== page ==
Shares of postal and e-commerce logistics services provider Singapore Post Limited (SGX: S08) have fallen by nearly 16% over the last 12 months to S$1.635 currently. That?s a hefty double-digit fall.
What might the great Benjamin Graham think of Singapore Post now? For those of you who are unaware, Graham?s a figure who deserves a spot in the pantheon of investing greats.
As a fund manager, Graham had racked up average annual returns of around 20%. As an educator on the subject of investing, he taught at Columbia Business School and counts billionaire investor Warren Buffett as one of his students….
Shares of postal and e-commerce logistics services provider Singapore Post Limited (SGX: S08) have fallen by nearly 16% over the last 12 months to S$1.635 currently. That’s a hefty double-digit fall.
What might the great Benjamin Graham think of Singapore Post now? For those of you who are unaware, Graham’s a figure who deserves a spot in the pantheon of investing greats.
As a fund manager, Graham had racked up average annual returns of around 20%. As an educator on the subject of investing, he taught at Columbia Business School and counts billionaire investor Warren Buffett as one of his students. As an investing author, he had penned two highly influential texts, Security Analysis and The Intelligent Investor.
Unfortunately, it’d be impossible to get a direct answer to my question above regarding Singapore Post – Graham had sadly passed away in 1976. But, during his career, he did develop a 10-point investing checklist. So, let’s run Singapore Post through the checklist to see what the company might look like through Graham’s lens (all data from S&P Global Market Intelligence, unless otherwise stated):
1. An earnings-to-price yield at least twice the triple-A bond rate
With a trailing earnings per share of S$0.0771 (based on its latest financials for the 12 months ended 31 December 2015) and a current aforementioned share price of S$1.635, Singapore Post has an earnings-to-price yield (earnings per share divided by share price) of 4.7%.
Meanwhile, a Singapore government 10-year bond has a yield of 1.99%, according to the Monetary Authority of Singapore. At the moment, Singapore has a triple-A credit rating from a few credit rating agencies.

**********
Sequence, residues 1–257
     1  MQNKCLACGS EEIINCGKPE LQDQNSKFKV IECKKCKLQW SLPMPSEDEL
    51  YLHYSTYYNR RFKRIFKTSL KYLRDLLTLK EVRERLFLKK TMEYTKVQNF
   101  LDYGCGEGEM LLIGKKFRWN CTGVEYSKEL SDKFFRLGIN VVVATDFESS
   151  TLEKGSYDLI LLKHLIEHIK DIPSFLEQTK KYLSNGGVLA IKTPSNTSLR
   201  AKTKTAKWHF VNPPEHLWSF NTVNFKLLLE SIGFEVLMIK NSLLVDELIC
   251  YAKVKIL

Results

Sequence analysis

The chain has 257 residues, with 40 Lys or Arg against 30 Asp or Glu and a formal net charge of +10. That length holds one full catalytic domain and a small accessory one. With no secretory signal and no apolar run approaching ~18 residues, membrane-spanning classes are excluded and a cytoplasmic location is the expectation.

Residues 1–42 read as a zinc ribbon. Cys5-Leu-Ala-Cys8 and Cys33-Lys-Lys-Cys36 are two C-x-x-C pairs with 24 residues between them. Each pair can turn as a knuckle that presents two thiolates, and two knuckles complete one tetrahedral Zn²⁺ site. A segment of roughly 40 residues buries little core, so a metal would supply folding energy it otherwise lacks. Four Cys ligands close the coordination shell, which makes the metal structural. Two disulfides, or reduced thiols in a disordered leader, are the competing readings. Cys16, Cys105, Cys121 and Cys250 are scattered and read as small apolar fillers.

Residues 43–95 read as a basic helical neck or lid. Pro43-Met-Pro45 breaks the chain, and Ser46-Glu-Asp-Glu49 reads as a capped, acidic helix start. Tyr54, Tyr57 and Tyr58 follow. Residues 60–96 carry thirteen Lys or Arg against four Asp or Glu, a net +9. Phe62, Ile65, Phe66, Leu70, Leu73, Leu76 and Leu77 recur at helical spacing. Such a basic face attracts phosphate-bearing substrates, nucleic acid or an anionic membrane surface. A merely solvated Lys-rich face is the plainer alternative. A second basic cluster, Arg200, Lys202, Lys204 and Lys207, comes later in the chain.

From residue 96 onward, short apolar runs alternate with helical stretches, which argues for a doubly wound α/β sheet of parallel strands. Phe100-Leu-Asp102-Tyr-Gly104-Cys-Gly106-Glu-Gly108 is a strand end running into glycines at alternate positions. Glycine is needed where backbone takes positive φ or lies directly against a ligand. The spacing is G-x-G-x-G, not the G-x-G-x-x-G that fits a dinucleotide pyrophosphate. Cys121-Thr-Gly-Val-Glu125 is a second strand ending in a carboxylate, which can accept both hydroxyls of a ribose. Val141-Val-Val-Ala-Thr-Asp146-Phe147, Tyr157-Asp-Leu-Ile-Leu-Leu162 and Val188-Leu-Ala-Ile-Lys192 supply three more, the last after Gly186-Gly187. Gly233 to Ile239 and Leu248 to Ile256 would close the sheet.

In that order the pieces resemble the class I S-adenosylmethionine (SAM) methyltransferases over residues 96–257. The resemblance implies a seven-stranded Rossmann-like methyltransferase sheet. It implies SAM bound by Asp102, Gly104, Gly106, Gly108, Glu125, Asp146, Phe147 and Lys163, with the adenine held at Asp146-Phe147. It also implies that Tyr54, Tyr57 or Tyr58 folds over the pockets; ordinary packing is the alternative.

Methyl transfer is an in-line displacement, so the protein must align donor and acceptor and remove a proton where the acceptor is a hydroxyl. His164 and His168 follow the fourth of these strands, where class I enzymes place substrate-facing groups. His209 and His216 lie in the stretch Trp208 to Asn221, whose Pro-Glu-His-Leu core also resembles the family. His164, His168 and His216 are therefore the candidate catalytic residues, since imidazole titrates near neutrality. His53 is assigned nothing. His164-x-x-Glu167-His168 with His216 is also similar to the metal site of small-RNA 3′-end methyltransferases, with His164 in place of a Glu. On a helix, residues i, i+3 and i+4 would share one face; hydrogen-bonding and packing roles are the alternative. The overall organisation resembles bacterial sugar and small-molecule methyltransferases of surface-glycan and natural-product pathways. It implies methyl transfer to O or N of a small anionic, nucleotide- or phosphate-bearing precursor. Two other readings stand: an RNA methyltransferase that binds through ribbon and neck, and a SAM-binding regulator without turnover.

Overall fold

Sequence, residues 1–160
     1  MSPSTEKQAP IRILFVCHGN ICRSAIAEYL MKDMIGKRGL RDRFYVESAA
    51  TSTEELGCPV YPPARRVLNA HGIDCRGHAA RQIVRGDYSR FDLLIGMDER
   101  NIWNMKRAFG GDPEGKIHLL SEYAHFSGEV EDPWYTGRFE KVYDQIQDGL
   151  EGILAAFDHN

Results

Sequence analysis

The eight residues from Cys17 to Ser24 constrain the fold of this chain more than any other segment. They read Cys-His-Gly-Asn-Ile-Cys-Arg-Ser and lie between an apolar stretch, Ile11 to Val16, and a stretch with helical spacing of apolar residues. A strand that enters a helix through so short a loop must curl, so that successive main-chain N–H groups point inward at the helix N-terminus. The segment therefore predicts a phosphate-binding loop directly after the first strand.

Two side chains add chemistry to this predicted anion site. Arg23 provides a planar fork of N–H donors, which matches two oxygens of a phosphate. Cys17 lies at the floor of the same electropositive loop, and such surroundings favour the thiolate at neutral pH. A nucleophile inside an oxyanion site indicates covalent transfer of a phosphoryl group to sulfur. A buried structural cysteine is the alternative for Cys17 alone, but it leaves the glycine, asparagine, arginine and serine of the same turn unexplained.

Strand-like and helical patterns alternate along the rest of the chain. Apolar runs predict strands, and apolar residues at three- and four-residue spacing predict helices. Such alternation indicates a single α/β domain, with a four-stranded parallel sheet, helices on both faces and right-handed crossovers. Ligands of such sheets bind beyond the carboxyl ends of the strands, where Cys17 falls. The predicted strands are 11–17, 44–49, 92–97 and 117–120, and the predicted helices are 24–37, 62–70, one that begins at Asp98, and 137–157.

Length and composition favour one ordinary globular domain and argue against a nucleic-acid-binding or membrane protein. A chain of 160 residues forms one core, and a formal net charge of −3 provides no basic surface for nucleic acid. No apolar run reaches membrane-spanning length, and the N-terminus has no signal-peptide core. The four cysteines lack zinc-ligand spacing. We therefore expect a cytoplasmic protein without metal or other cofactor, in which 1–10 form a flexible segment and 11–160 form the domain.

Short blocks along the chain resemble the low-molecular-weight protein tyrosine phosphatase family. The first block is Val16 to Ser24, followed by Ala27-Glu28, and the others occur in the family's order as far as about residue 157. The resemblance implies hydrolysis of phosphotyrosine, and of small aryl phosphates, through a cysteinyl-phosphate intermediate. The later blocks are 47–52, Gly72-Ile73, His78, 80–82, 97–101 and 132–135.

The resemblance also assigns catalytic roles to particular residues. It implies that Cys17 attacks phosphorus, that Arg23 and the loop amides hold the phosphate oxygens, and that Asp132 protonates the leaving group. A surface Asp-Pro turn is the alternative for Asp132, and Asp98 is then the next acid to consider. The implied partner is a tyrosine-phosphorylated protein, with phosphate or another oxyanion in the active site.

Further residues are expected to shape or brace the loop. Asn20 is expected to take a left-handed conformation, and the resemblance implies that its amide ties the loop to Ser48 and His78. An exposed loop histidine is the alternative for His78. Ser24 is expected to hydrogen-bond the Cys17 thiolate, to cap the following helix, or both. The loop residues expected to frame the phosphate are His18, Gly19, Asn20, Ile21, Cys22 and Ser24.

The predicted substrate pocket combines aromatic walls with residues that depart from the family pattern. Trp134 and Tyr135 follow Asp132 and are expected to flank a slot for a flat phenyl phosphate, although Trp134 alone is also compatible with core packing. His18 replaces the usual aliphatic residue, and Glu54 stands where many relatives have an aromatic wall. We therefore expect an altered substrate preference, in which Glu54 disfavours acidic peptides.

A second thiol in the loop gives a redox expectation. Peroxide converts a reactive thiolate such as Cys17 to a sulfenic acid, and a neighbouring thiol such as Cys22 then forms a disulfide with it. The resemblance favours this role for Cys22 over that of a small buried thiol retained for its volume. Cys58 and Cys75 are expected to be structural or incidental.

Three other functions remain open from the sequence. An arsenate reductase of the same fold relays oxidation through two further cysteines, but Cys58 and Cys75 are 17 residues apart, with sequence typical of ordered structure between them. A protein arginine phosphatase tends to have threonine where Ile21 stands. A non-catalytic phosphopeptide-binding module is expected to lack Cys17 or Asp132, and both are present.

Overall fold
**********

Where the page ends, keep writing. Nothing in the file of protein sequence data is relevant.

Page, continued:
In comparing the numbers here, Singapore Post has an earnings-to-price yield that’s slightly more than twice the triple-A bond rate.
2. P/E ratio that is 40% or less than the highest P/E ratio the stock has had over the past five years
Singapore Post’s highest P/E ratio in the last five years was 32.0, and it occurred in early 2015. Singapore Post has a P/E ratio of 21 currently and that’s just 65% of the peak P/E.
3. A dividend yield of at least two-thirds the triple-A bond yield
With a dividend of S$0.07 per share in its last completed fiscal year (12 months ended 31 March 2015), Singapore Post has a dividend yield of 4.28%. That’s higher than the triple-A bond rate we’ve seen earlier.
4. A stock price that’s below two-thirds of the tangible book value per share
Singapore Post currently has a tangible book value per share of S$0.43, which is way lower than its current stock price.
5. A stock price below two-thirds of net current asset value (total current assets minus total liabilities)
With total current assets of S$453 million and total liabilities of S$879 million, Singapore Post has a negative net current asset value.
6. Total debt less than tangible book value
Singapore Post’s total debt is merely 38% of its tangible book value of S$938 million at the moment.
7. Current ratio (total current assets divided by total current liabilities) greater than two
Given the total current liabilities of S$548 million and the total current assets seen earlier, Singapore Post has a current ratio of just 0.83.
8. Total debt less than twice of net current asset value
Singapore Post has a positive total debt number but a negative net current asset value, as we’ve seen.
9. Compound annual earnings growth rate of 7% over past 10 years
In fiscal 2005 (year ended 31 March 2005), Singapore Post had earnings per share of S$0.0579. 10 years later in fiscal 2015, the company’s earnings per share was S$0.0685, which translates to an annual compound growth rate of merely 1.7%.
10. Stability of earnings: No more than two years of declining earnings of 5% or more over the past 10 years.
From fiscal 2005 to fiscal 2015, there were three years when Singapore Post’s earnings per share had slipped by over 5%. Those years were fiscal 2012 (11.5% decline), fiscal 2013 (13%), and fiscal 2015 (27%).
Of the 10 criteria in Graham’s investing checklist, Singapore Post had met only three. As such, Graham would likely have little interest in Singapore Post. But, it’s important to note that it is completely fine for investors to have a completely different opinion on Singapore Post if they have different investing preferences when compared to Graham.
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The information provided is for general information purposes only and is not intended to be personalised investment or financial advice. Motley Fool Singapore contributor Lawrence Nga doesn’t own shares in any companies mentioned.